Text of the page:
START-UP 101 FOR BABY BOOMERS

AS WELL AS CO- RUN­NING CON­SULT­ING BUSI­NESS TBC PART­NERS, MARISA FONG IS ALSO IN THE THROES OF LAUNCH­ING HER ON­LINE SKIN CARE START- UP. SHE SHARES SOME OF HER LESSONS SO FAR.

NZ Business - - CONTENTS - MARISA FONG IS CO- OWNER OF TBC PART­NERS. ( WWW.TBC. PART­NERS)

As well as co-run­ning a con­sult­ing busi­ness, Marisa Fong is also launch­ing her on­line skin care start-up. She shares some of her lessons.

A s a per­son born on the cross­roads be­tween the Baby Boom er sand Gen X, I thought I’d share the key lessons I’ve learned through launch­ing an on­line-only, busi­ness-to-con­sumer (B2C) en­ter­prise. I’ve come from a very tra­di­tional, busi­ness-to-busi­ness (B2B) pro­fes­sional ser­vices back­ground and this whole ex­pe­ri­ence has been a bit like drink­ing from a fire­hose!

One thing that has par­tic­u­larly struck me is re­al­is­ing just how much the game has changed.

I knew a bit about e-com­merce and on­line busi­ness but had no idea of how steep the learn­ing curve would be.

It makes a lot of sense as to why mil­len­ni­als are suc­cess­fully cre­at­ing and scal­ing th­ese types of busi­nesses – they’ve grown up on­line. For us more tra­di­tional types, we may be on Face­book and In­sta­gram but we aren’t ac­cus­tomed to do­ing busi­ness there.

Here’s a round-up of the most sig­nif­i­cant lessons that I’ve learned so far – and I ex­pect there will be many more to come.

UN­DER­STAND­ING SO­CIAL ME­DIA

There’s a lot more to it than there seems – it’s a real mix of art and science! Large busi­nesses can af­ford to en­gage an agency to do all the hard work, but it’s usu­ally at a fairly sub­stan­tial cost and, nat­u­rally, the agency won’t share its tech­niques – in­stead black box­ing what they do.

For a small com­pany or start-up it’s not al­ways pos­si­ble to in­vest a huge amount to out­source all of the dig­i­tal and e-com­merce setup. So the free­lance/con­trac­tor model is a great al­ter­na­tive for my needs and my bud­get and it also al­lows me to learn as much as I can from those I work with. I’ve at­tended some sem­i­nars in order to bet­ter un­der­stand what mea­sures to look for and to learn what the jar­gon means. Be­tween th­ese sem­i­nars and work­ing with open and un­der­stand­ing con­trac­tors, I know what to mea­sure, and con­se­quently can see what suc­cess looks like.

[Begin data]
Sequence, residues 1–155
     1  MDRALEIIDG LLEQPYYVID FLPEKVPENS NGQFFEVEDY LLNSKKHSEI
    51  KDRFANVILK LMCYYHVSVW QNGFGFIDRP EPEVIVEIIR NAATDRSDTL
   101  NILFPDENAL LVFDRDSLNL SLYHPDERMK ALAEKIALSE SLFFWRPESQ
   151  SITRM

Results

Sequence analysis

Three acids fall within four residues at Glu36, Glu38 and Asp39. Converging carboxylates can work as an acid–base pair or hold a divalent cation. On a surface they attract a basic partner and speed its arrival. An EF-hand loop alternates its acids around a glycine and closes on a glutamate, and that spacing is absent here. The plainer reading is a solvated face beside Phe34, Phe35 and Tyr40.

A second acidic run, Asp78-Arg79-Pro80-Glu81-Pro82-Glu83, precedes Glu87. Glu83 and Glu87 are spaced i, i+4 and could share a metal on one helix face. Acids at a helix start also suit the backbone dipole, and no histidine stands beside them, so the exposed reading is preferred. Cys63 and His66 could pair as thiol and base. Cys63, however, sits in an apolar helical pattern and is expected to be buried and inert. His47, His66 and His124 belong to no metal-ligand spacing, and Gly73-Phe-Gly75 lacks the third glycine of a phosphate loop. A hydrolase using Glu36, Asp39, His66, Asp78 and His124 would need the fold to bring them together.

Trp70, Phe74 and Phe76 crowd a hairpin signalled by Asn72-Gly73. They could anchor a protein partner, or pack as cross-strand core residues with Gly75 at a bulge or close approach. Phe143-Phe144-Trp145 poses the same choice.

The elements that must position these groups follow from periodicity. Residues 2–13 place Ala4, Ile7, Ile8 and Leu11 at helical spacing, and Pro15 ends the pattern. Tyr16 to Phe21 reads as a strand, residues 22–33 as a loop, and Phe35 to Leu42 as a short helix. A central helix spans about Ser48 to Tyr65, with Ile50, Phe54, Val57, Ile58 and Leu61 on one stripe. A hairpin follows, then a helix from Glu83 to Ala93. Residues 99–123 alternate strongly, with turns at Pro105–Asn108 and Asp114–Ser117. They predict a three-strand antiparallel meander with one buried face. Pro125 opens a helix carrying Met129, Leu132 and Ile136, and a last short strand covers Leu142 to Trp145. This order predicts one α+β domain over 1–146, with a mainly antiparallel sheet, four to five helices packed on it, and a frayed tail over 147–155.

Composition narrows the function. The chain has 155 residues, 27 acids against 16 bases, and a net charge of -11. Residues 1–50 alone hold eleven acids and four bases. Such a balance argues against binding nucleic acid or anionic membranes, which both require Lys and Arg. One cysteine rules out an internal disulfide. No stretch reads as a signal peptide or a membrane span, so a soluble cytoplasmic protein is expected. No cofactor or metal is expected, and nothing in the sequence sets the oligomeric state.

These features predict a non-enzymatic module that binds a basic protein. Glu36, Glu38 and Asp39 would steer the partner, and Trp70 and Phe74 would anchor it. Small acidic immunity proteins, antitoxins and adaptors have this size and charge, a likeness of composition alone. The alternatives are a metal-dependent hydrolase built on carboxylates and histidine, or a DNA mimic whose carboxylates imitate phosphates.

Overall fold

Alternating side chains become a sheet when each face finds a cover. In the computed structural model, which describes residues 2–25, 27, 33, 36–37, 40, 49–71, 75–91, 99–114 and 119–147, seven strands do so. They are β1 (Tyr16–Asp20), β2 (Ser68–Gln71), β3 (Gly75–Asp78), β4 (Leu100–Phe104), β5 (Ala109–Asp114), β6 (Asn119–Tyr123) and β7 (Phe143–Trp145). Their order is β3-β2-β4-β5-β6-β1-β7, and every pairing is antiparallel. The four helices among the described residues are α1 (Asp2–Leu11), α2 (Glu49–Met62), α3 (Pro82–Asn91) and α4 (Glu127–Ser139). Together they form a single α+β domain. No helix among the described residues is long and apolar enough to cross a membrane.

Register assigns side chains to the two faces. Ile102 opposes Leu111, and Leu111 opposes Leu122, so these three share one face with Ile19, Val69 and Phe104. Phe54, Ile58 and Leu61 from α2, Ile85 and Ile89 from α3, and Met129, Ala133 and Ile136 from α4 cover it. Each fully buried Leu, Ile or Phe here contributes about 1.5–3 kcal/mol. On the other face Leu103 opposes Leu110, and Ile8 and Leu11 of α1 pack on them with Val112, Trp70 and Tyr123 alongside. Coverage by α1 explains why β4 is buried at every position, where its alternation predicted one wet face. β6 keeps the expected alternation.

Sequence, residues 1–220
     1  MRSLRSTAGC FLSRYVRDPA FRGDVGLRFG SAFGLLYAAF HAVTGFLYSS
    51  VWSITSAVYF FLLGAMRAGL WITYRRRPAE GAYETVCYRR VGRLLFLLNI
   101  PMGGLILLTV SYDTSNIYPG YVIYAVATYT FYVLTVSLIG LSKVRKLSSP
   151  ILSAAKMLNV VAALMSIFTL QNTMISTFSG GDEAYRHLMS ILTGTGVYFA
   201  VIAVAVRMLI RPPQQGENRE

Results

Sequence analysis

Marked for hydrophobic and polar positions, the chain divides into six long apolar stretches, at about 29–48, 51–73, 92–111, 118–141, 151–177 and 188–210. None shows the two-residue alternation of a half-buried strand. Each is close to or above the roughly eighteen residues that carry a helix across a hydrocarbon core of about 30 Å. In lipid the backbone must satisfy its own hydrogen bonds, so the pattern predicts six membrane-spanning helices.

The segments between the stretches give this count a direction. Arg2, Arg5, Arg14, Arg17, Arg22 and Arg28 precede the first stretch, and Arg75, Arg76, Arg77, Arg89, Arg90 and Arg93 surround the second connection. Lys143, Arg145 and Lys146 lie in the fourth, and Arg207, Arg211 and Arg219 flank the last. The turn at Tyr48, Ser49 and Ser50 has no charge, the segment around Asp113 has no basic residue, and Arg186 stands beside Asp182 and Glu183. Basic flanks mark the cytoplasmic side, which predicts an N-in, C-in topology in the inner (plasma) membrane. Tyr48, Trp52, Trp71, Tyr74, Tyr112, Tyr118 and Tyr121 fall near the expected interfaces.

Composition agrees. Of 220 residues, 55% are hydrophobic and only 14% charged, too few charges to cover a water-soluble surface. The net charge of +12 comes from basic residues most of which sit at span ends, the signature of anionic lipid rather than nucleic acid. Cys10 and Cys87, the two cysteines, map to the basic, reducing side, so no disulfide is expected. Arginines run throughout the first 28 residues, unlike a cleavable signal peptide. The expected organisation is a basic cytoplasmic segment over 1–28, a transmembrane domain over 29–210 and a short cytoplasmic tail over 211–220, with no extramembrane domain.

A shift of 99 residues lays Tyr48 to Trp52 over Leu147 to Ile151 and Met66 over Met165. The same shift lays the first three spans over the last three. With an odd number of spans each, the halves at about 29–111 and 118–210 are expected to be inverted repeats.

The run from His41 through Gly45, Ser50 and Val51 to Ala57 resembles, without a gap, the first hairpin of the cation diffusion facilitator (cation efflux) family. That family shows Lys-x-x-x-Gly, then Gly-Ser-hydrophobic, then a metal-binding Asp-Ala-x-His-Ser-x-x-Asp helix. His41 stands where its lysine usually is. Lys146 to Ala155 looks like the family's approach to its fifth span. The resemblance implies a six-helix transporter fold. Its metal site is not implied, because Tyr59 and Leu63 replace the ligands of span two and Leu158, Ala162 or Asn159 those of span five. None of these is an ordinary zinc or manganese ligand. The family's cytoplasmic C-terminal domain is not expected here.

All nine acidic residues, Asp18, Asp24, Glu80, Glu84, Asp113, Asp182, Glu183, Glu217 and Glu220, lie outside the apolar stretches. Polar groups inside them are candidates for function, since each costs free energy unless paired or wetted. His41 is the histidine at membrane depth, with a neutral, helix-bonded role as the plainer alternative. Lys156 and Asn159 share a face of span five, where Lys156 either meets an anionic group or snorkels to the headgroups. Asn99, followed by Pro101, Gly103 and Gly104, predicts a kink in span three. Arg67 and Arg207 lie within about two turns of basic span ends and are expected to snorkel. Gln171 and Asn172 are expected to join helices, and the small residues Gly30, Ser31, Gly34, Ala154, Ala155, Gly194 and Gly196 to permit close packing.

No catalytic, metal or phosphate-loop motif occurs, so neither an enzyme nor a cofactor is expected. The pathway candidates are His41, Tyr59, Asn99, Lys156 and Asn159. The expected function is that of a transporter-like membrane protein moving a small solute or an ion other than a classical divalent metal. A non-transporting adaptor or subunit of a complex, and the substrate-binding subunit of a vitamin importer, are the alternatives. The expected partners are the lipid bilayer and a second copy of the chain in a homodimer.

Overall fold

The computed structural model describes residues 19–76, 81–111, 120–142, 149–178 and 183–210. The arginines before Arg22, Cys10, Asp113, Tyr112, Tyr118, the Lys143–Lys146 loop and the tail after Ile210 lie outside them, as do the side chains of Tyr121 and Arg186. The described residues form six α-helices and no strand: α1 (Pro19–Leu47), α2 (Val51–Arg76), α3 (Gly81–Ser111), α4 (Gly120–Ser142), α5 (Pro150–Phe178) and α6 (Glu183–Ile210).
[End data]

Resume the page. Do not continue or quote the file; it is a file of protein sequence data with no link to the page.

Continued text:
One dif­fi­culty is iden­ti­fy­ing good tal­ent. In a rea­son­ably new field – and a con­stantly evolv­ing one at that – with no easily recog­nised qual­i­fi­ca­tions to judge a con­trac­tor by,

it’s hard to know which one will de­liver. Get­ting re­fer­rals and tes­ti­mo­ni­als has been key, but it has still meant a bit of trial and er­ror to find the per­son that has the so­cial me­dia tal­ent but also un­der­stands the brand and sec­tor.

GET­TING TO GRIPS WITH E-COM­MERCE

Ex­clu­sively sell­ing on­line, in­clud­ing in­ter­na­tion­ally, comes with its own chal­lenges. It’s a hard task to un­der­stand the pros and cons of the myr­iad e-com­merce tools – and harder again to dis­cover which ones in­te­grate well with oth­ers.